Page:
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  • 1 Post By Orchids&Roses

Interesting, but unknown

This is a discussion on Interesting, but unknown within the General Orchid Culture forums, part of the Orchid Culture category; This Orchid is in my neighborhood, and I walk by it at least once a ...

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  1. #1
    Orchids&Roses is offline Junior Member
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    Default Interesting, but unknown

    This Orchid is in my neighborhood, and I walk by it at least once a day. It has been in the ground for at least 25+ years, sharing places with a palm tree and bamboo. I don't know what it is. I think it could be some kind of "schomburgkia". Any ideas from folks out there?

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  2. #2
    orchidlady's Avatar
    orchidlady is offline Senior Member
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    To me it looks like a reed stem Epidendrum that my mother has in Califorina growing outside. Closer photos of the flowers and growth pattern might help.

    Susan

  3. #3
    Orchids&Roses is offline Junior Member
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    Thank you "orchidlady" for your response. You are correct and I was way off. It is a "Epidendrum quitensium elongatum", I purchased a 4" pot of this orchid at a local orchid nursery just the other day and it matches perfectly to the mystery orchid I started the thread with. Now my new question is----how do you tell the difference between a Schomburgkia with very long reeded purple blooms and a Epidendrum with very long reeded purple blooms? I'm so new at this, just have a few orchid books and the internet for aid, don't belong to a "club" yet.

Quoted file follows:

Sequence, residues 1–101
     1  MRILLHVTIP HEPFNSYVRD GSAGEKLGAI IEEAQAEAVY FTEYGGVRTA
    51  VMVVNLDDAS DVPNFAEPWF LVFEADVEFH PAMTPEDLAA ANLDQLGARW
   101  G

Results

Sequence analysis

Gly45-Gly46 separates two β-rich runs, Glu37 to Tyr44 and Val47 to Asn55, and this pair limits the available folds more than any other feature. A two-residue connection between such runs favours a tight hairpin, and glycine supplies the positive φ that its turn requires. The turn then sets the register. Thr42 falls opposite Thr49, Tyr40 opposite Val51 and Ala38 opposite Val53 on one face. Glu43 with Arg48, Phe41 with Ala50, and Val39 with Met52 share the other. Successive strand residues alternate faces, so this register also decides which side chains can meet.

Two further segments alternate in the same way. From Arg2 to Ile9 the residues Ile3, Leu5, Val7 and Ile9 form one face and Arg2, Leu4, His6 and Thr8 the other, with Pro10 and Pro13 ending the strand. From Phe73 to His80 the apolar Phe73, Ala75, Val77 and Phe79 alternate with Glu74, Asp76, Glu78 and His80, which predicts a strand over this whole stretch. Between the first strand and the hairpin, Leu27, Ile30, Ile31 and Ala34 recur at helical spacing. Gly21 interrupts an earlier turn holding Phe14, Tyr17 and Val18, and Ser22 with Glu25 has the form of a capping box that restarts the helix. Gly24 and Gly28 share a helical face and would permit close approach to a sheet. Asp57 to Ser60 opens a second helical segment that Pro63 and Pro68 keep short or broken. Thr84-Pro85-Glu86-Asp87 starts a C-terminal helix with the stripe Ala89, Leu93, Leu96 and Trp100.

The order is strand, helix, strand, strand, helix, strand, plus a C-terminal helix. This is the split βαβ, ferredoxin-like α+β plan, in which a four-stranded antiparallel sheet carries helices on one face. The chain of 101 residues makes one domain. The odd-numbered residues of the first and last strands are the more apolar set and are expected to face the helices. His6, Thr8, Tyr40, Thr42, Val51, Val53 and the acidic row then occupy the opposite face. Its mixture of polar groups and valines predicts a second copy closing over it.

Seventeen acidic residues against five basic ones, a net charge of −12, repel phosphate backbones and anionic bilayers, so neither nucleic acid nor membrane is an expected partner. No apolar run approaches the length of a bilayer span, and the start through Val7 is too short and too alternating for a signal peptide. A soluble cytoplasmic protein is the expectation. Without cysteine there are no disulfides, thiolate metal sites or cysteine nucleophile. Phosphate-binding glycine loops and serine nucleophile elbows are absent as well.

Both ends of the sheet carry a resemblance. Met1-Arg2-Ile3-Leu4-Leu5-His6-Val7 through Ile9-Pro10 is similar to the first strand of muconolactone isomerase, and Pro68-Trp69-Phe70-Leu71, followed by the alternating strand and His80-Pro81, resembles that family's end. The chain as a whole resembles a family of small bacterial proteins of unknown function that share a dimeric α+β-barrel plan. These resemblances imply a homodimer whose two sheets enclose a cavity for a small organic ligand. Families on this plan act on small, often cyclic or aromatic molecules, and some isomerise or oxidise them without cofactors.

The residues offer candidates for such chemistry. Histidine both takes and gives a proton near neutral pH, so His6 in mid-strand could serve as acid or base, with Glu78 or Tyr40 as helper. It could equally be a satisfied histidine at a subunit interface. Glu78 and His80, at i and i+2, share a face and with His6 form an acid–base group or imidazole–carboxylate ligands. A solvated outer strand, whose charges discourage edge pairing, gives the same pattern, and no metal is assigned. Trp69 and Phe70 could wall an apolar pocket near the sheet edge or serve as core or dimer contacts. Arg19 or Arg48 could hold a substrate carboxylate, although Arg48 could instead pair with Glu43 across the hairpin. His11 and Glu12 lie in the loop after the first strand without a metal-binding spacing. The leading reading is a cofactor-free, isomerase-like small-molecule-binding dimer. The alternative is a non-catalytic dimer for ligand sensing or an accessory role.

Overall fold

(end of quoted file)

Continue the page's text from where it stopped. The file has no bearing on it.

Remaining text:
4. #4
    Keysguy is offline Senior Member
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    Just in general (typically but not in every case)........both the plants and the flowers are totally different.

    Reed stem Epi's have fairly short thin leaves on very long semi-woody main stems (no psedobulb) and those often will develop multiple keikei's. The flowers are held on long "whispy" inflorecenses and are a small flower.

    Schoms have pseudobulbs like laelia/cattleya (and I think they are now technically laelia's) with very heavy think leaves. Flowers are held on a long semi-woody infloresence and open in a bunch at the top just like epi but this stem is much bigger around and flowers are significantly larger and will look like a laelia flower.

    Like I said.....a gross overgeneralization but that should help you have a general sense.

  5. #5
    Dorsetman's Avatar
    Dorsetman is offline Senior Member
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    And Schombo's have tall, thick bulbs - sometimes hollow and providing a home for ants in their native country, although a quite different species of ant which is a pest where I live has not found them in my greenhouse ( crossed fingers..) . I like Schombo's - I once stumbled on a little orchid show when I had a holiday touring Venezuela , and all the entries in the show where Schombos. Some of them had flower stems 6 feet tall and more, and great heads of flowers , arranged quite symmetrically to form a ball of flowers 2 feet across. Absolutely spectacular.
    So I had to try my hand at a few - of course my temperatures and sunshine hours are much lower than in South America, at least in Venezuela which is quite close to the equator, although this was at quite an altitude I think. Anyway , they will flower for me, as pale shadows of what you see in the wild, but often with a succession of flowers opening few at a time over several months.
    There are also inter-generic hyhbrids - Schombo-cattleyas , and I have two different ones in advanced bud now, which I hope to show here in the next month or so.

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